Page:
The Apostle Paul also had a healthy capacity for crankiness. I think I’ve mentioned before that it is interesting to note that on his major journeys across the Roman world, nobody ever went with Paul twice. I get the distinct impression that Paul wasn’t the easiest person to live with. He was clearly brilliant, with an almost fevered brain that couldn’t stopworking. An interesting guy to be sure. But as a companion, I get the impression he could be exhausting. Probably never stopped talking. Probably had opinions on everything – and shared them with everyone! Oh, I have a feeling it took a lot of energy just to be with Paul!
In the first part of our reading from Phillippians, he gives the impression that the only reason he puts up with living among human beings is because they need him so much. Otherwise, he’d be only too happy to depart and join up with Jesus in heaven. He’s only sticking around for their sakes. (Well, that’s a bit much, don’t you think? Paul is able to think pretty highly of himself.) I’ll bet there were one or two members of the church at Phillippi who were willing to let him move on – however grateful they were for him.
But let’s not get wrapped up in Paul’s pride. Let’s think about what is really hard for us to understand. And that is the upside down economics of Jesus Christ. What is he teaching us here in our gospel? Can we understand it? He is so counter cultural and counter to everything we think of as logical. We work, we get paid. We work more, we get paid more. We work less, and we don’t get paid as much. That makes sense, doesn’t it? We have systems for determining these things fairly. We have pay scales.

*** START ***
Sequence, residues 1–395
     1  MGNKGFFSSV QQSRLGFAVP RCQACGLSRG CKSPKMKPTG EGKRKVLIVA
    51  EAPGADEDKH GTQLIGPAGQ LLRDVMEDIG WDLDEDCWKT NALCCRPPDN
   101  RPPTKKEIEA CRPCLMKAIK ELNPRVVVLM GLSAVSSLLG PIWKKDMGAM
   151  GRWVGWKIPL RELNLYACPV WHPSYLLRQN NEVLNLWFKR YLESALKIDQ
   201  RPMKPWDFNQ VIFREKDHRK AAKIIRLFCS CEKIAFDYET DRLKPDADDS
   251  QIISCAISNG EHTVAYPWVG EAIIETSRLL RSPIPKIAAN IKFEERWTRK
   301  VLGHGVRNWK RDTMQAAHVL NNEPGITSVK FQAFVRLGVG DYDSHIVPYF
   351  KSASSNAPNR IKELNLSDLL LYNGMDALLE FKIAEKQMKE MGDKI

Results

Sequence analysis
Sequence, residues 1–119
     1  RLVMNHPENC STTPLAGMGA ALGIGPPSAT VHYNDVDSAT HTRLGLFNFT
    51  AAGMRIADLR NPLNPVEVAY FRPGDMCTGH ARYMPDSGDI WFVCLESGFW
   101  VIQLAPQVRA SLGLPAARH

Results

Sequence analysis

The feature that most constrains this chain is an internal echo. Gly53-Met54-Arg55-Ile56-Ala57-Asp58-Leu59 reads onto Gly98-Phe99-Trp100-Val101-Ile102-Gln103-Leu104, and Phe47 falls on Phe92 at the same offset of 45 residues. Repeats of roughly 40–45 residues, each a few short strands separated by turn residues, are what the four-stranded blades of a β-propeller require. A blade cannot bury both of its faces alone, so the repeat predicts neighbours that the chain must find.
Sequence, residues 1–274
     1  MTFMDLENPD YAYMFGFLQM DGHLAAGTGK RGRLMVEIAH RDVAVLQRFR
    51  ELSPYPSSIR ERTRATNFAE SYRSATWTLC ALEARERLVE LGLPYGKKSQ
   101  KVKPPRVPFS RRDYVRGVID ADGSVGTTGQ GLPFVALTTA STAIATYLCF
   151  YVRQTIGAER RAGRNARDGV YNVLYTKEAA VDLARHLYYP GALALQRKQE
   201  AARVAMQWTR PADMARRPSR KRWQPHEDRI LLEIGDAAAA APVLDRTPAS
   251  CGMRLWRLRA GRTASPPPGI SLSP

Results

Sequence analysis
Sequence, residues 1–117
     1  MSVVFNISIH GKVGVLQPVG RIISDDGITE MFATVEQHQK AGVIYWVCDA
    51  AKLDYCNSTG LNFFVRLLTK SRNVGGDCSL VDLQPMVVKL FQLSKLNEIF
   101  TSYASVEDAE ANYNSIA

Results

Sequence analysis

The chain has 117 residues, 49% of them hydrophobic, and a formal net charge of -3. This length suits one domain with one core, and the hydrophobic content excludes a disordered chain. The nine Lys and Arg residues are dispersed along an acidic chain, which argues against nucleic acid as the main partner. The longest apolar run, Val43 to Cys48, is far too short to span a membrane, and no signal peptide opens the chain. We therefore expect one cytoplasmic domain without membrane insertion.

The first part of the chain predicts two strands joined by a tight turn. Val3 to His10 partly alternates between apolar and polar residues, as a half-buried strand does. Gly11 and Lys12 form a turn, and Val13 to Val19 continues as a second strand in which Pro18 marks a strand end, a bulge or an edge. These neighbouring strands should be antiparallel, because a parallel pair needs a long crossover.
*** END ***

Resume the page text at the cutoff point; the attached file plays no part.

God apparently doesn’t work with a pay scale. Apparently everyone gets paid the same – no matter their training – no matter how hard they work – no matter how much work they do. Wait a minute! That’s not right! God’s economy works in a whole different way! The person who was saved early on and the person who is saved just before the last trumpet sounds get the same salvation. Now wait a minute! That’s not fair!